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What Tools Do I Need to Make My Own Compost?

Any gardener worth his salt knows that good compost is unparalleled when it comes to feeding one’s soil with nutrients. In fact, several people actually have a thriving business producing compost and selling it to farms.

There are usually a few issues that prevent people from making their own compost. Firstly, you need to be attentive to the process. Then you’ll need to use the correct green and brown materials in the right ratio.

Let’s not forget the raking of the compost to aerate it and so on. In this article, we’ll look at tools that will help you to simplify the process.

* Composting bin

The first and most obvious item you’ll need is a compost bin. Now, some people may try to compost in a big metal trash can or just make a heap in their backyard.

While there are no right or wrong answers here, you have to take into account how much compost you’re creating and the ease of effort involved. The 18.5 gallon Miracle-Gro Small Composter will produce compost easily because you can turn the wheel and aerate the compost.

It’s difficult to do that with a trash bin and almost impossible with an open heap. That said, the Miracle-Gro model will produce enough compost for one garden. So, you won’t produce that much compost to sell or give to your friends, unless you have a few of these in your garden.

Alternatively, you could get the 80-gallon Lifetime compost tumbler. It works on the same principle as the Miracle-Gro model, but now you can produce a lot more compost to use and even sell.

Using a composter will help to retain heat within the compost. There’s an aeration system because of the small holes within the composter. Everything is locked and tight so that rodents can’t access the compost. Since you’re able to crank the wheel and turn it, aerating the compost will be a breeze. Pun not intended.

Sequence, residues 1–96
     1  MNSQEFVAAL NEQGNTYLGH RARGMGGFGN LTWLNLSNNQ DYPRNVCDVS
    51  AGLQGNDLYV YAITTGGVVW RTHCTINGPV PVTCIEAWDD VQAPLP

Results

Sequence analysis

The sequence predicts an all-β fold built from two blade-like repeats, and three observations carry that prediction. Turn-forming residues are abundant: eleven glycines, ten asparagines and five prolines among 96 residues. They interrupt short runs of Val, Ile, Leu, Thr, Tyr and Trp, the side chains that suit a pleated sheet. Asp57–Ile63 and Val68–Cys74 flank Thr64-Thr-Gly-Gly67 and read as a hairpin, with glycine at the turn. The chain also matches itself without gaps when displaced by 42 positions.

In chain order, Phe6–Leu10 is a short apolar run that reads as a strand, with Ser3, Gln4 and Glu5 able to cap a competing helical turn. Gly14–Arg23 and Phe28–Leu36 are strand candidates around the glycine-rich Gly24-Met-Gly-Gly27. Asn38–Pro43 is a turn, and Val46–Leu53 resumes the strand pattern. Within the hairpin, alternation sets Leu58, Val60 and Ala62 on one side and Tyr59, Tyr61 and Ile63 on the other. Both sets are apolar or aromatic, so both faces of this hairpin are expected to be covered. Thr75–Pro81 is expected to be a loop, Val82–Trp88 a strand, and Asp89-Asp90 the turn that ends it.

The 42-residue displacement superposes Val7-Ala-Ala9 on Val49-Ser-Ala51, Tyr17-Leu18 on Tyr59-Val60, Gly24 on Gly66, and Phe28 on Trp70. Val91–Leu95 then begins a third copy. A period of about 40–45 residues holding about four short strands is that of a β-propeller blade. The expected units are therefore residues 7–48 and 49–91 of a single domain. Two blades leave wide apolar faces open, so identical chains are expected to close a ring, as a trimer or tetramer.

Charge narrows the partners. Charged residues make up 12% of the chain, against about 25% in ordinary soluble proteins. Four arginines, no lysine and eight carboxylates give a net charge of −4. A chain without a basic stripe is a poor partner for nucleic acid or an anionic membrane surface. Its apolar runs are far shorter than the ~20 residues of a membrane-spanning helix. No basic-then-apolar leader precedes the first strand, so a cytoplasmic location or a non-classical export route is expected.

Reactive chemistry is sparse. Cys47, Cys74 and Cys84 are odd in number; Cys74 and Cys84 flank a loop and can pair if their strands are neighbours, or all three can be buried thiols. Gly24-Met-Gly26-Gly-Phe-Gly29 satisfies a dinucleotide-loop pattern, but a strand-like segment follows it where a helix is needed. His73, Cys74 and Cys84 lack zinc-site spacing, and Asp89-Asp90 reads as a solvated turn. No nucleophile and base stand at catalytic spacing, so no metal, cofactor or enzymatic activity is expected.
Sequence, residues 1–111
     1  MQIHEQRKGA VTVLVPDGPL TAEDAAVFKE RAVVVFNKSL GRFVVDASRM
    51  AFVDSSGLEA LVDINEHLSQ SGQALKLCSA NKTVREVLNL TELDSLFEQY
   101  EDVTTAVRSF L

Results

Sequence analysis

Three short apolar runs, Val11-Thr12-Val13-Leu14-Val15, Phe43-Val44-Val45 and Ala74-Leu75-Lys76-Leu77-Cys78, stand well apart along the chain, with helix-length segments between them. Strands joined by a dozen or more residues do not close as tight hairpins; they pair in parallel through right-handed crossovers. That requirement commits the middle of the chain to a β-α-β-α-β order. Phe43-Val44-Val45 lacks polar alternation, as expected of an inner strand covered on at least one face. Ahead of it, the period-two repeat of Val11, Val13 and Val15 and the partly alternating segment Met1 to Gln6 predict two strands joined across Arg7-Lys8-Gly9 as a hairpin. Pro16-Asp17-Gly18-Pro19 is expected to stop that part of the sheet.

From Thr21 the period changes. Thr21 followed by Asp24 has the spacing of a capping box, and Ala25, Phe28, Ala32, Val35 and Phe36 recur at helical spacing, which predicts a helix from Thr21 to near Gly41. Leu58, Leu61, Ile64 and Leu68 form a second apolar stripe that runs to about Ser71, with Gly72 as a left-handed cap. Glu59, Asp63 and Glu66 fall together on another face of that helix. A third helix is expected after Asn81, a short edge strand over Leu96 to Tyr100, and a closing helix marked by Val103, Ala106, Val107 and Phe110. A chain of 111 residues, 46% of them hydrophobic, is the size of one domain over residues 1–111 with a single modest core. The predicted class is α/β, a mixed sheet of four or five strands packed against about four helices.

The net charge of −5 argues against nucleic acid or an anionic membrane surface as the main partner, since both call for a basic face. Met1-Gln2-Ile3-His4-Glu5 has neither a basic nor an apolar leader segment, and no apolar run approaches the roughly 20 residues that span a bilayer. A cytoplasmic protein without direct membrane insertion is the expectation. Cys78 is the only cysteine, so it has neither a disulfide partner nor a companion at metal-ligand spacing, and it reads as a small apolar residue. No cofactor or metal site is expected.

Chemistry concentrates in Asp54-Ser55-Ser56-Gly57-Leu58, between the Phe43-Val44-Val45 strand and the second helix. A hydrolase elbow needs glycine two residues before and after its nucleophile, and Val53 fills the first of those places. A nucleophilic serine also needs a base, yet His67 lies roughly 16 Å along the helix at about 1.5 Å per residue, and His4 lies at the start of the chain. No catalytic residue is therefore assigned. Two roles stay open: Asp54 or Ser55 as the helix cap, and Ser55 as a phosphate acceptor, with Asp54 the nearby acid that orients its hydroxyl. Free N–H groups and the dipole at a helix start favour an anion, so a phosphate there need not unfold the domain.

It’ll definitely help to get a compost bin.

* Other tools

Before you can add the materials in the bin, it’s crucial that you break them down in size and mix them up well. Here’s how you do it…

Place your green and brown materials in a heap in your backyard. We’re assuming you know the basics of composting and will just look at the tools necessary.

First, you’ll need a shovel to scoop the raw material into a heap. If you have bigger branches, etc. you should have a spade to break them into smaller pieces. While you may be tempted to use the shovel to do that, it’s better to use a spade because of the sharpened blade that’s made of hardened steel.
Other than that, it’ll be helpful to have a rake to aerate and mix up the materials. The ERGIESHOVEL model is great because not only can you use it standing up so you don’t strain your back, but it can be broken down into 3 pieces so that you can use it while kneeling and it also makes for easier storage.

A lot of equipment such as aerators, wheelbarrows, tarps, etc. are unnecessary if you’re using a compost bin because you’ll be aerating the compost just by turning the handle.
When the compost is done, you can either pour it out into buckets and carry them to your garden, or if you’re making large amounts of compost, you could get a gardening cart and use it to transport the compost.

It’s crucial to know the temperature of your compost. This can be easily discovered by using the A.M. Leonard compost thermometer.
Even if you’re using a compost bin, just by sticking the thermometer in the bin, you’ll be able to see the temperature of the decomposing pile. Just remember to take it out of the bin when you’re done.

A watering device such as the Relaxed Gardener Watering Wand is fantastic for adding moisture to your compost. Your mix needs to have a certain dampness to it for it to fully decompose.
The watering wand will produce a fine mist that’s perfect for composting. It beats using a watering can which may cause splashes or too much water. The wand spreads the moisture evenly on the compost too. Of course, you’ll need to attach the wand to a garden hose to use it.

These are most of the tools you’ll need. Composting can be a relatively low-key and simple process. What really matters is the type of dry and wet material you use in your compost. This is what decides the quality of your compost.

Use the equipment mentioned in this article and you won’t go wrong. Most of the best gardeners use several or all of them to produce rich, quality compost that plants love. Now you can too!